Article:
Bodypainted in Blue, PETA Members Will Urge Kolkata Residents to Go Vegan in Lead-Up to World Water Day

For Immediate Release:
19 March 2015

Kriti Sachdeva +91 9902405493; [email protected]
Sachin Bangera +91 9820122561; [email protected]

PETA to Call Attention to Meat Industry’s Role in Worldwide Water Crisis

Kolkata – Just in time for World Water Day, two People for the Ethical Treatment of Animals (PETA) India members will take to the streets bodypainted in blue and holding signs that read, “Save Water – Go Vegan” and “1 Kg of Meat Requires as Much as 15,000 Litres of Water”, to point out that meat consumption is a colossal drain on precious water resources. PETA India – whose motto reads, in part, that “animals are not ours to eat” – are calling on citizens to fight the worldwide water crisis and clear their consciences by going vegan.

Where:     Outside the City Centre One, near the tram gate (across from the Vodafone store – EC 10 and next to DB block park), Salt Lake City, Kolkata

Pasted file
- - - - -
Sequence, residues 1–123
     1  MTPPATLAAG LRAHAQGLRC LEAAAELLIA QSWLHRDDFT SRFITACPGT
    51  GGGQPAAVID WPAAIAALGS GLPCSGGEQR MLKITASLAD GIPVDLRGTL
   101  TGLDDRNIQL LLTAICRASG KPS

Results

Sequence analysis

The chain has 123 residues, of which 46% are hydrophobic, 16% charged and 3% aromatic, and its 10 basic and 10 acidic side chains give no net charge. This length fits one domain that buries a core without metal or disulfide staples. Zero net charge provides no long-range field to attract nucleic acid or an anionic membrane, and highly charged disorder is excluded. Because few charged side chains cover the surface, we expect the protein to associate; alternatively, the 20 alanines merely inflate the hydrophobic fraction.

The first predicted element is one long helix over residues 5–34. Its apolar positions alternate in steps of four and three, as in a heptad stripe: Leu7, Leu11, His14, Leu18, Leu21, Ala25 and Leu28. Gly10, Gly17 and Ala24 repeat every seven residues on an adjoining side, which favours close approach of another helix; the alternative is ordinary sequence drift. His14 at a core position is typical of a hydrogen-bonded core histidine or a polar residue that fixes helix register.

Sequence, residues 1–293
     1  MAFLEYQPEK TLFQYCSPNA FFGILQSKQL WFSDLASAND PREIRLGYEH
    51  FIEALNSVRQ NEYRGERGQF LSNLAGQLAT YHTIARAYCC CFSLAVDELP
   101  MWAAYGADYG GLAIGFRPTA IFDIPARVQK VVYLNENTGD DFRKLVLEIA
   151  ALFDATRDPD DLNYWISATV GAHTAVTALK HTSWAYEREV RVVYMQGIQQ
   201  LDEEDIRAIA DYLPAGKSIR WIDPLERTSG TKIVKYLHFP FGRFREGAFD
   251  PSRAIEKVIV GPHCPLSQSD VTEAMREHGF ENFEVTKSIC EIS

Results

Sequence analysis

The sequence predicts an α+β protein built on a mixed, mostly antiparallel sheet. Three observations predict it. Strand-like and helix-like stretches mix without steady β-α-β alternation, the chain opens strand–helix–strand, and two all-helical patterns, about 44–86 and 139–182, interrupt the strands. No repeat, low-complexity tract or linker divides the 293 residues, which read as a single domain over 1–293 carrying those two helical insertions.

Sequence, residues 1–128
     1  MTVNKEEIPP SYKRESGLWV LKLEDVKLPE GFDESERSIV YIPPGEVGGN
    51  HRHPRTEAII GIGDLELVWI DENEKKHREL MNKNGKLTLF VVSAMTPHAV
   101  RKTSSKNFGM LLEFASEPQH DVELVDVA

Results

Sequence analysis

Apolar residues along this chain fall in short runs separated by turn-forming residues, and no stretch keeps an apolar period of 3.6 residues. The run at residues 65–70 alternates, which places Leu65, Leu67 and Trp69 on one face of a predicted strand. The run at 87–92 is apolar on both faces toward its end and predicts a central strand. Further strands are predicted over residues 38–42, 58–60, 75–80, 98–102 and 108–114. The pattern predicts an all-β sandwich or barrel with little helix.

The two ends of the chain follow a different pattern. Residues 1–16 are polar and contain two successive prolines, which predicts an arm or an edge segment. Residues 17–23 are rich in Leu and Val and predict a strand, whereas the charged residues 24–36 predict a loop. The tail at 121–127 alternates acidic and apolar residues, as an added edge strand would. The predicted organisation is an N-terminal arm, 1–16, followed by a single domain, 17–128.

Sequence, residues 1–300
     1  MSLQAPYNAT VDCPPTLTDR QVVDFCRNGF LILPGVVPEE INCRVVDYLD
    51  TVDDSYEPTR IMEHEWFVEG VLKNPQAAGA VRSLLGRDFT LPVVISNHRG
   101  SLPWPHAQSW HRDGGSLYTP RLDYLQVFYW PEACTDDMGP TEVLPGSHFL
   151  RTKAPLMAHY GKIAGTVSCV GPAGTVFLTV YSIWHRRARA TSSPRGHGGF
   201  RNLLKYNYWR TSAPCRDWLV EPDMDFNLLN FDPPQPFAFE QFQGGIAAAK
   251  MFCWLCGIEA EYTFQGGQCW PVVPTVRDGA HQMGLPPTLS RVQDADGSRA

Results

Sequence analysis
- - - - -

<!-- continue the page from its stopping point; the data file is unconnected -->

When:       Friday, 20 March, 11 am sharp

“Just by going vegan, anyone who is concerned about the health of the planet can save huge amounts of water and other natural resources”, says PETA India Chief Executive Officer Poorva Joshipura. “PETA India are encouraging caring people everywhere to ‘go green’ by choosing tasty vegan foods.”

Between watering the crops that farmed animals eat, providing billions of animals with drinking water each year and cleaning away the filth from farms, trucks and slaughterhouses, the farmed-animal industry places a serious strain on our water supply. According to the Water Footprint Network, to produce 1 kilogram of vegetables, you need 322 litres of water. In contrast, animal products use much more water: 1 kilogram of milk requires 1,020 litres, 1 kilogram of eggs requires 3,265 litres, 1 kilogram of poultry meat requires 4,325 litres, 1 kilogram of pork requires 5,988 litres, 1 kilogram of mutton requires 8,763 litres and 1 kilogram of beef requires a staggering 15,415 litres of water to produce.

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